In the workshops questions arising for young artists leaving college were tackled in a variety of ways. 'Education: Virtual or Real Worlds?' set out to address whether the formal education establishment should prepare emerging artists and photographers for the daunting task of earning a crust. Although there was some interesting discussion on matters such as the impact of the rapidly developing areas of electronic media on traditional teaching, the differing roles of academics and resident artists in art colleges, and the benefits of looking at the tradition of cross-fertilisation of research found in universities, the fundamental question raised by the workshop was never really touched upon.
Joan Foncuberta in his presentation 'Teaching to learn / Learning to Teach' brought forward this discussion about the role of the educator and the very nature of teaching and learning, as well as the responsibility of the artist to educate his or her audience. As with a number of the conference speakers, his practice is not only that of a photographer/artist but also that of a teacher, critic, historian and writer. The workshop 'Art and Community' attempted to deal with aspects of the problem of educating an audience. Discussion focused on the gallery space and its relation to the immediate community, touching on the pressure galleries are under from funders to take on the roles of educators, and how this could in the long term have a beneficial effect on the quality of engagement with the audience.
Vaclav Macek, co-organiser of the month of Photography in Bratislava, outlined his view of the artist in the 'New Europe' from the Slovak perspective. He argued that the preservation of cultural disparity ought to be the essence of European culture, while acknowledging the importance of keeping an international perspective. There is increasing evidence that artists and curators are remaining in their home countries and establishing centres and festivals for photography, rather than moving to the traditional centres of excellence. Examples such as Saaremma Festival, Estonia, demonstrate this shift of emphasis from centre to periphery.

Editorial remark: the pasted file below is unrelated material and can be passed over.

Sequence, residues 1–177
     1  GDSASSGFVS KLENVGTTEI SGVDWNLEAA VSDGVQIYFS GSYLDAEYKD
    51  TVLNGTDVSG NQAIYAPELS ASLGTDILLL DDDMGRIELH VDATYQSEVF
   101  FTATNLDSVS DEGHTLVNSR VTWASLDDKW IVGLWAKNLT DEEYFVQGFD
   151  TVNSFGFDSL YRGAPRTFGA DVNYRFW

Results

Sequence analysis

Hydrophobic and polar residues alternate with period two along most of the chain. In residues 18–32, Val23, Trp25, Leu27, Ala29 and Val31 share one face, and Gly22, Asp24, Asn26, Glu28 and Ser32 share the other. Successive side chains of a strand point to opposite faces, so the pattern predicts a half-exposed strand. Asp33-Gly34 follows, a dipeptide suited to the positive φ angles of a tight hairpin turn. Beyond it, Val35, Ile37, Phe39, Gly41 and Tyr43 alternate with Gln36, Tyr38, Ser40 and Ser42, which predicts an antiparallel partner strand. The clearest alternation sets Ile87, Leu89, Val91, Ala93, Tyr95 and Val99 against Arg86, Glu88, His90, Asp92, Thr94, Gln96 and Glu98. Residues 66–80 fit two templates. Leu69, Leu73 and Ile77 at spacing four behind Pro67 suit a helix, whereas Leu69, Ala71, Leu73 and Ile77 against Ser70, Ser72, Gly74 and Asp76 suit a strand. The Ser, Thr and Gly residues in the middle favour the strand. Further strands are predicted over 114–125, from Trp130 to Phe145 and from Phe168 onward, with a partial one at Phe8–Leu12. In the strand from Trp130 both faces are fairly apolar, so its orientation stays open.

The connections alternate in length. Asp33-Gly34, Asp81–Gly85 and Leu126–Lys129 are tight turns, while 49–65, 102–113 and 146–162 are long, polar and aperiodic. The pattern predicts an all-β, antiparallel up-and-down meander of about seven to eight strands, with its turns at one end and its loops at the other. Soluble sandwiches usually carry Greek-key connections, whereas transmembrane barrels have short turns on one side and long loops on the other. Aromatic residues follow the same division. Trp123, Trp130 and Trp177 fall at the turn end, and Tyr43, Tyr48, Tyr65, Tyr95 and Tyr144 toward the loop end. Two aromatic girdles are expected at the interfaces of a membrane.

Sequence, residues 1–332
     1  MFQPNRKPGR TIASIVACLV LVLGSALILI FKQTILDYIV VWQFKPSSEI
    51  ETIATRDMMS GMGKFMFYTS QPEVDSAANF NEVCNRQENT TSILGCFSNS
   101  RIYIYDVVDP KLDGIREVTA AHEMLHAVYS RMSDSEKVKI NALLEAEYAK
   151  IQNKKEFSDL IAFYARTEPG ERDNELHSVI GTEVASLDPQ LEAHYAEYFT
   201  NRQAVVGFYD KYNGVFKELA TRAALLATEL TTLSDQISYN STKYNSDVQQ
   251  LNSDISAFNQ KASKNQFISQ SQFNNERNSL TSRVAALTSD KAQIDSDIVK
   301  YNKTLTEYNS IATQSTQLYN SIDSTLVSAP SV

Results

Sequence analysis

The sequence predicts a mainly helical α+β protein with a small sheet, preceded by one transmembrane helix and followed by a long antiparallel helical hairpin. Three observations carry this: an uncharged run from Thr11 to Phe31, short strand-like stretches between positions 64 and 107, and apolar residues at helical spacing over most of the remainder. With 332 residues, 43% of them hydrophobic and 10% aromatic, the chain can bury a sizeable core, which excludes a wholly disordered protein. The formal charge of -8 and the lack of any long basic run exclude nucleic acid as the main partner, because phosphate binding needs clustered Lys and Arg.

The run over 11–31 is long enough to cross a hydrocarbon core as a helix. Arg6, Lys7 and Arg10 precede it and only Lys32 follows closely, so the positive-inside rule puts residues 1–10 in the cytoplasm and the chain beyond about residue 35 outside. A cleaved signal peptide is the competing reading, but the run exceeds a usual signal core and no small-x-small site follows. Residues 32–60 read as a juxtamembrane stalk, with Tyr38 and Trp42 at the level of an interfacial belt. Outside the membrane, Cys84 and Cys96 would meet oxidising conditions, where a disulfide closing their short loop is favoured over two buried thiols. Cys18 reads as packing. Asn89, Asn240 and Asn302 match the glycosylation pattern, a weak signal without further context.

If the conference made one impression on me it was that the photographer/artist in the '90's is by necessity or design a multiskilled individual, able to juggle the intensive activity of making work with a career as a curator, exhibition organiser, fundraiser, teacher. Most of the speakers, workshop leaders and even delegates were working across a number of these areas with photography. And what interests me is the way that these activities interrelate and enrich one another.
So in the end what was achieved, what new questions were raised, what issues did we grapple with? I can't help feeling that the agenda was too ambitious, too broad, to have reached any conclusion. And in the workshops I had the nagging feeling that the workshop leaders hadn't really had much time to consider the topics (I should mitigate this by pointing out that I could only attend four out of twenty workshop options) in order to focus the discussions. Pavel Büchler's opening remarks urging us not to expect a resolution should probably be borne in mind, but some slightly more heated discussion or conflict of views would not have gone amiss. Could the lack of an edge to the debates be put down to the transitional stage we are in, on the threshold of changes in education, technology, funding and so on? Another concern was the impression that photography in Scotland didn't feature high on the list of significant topics for discussion. However, if conferences like this are ultimately about meeting, talking and exchanging ideas, their success or failure I expect lies in the continued dialogue between the participants - we can probably count on being back at Fotofeis '97 to continue the discussions.
More detailed information on the Fotofeis conference for European Photographers is available in the form of a conference handbook which includes abstracts of the main presentations, notes on workshops and useful information such as addresses of galleries and museums in Europe.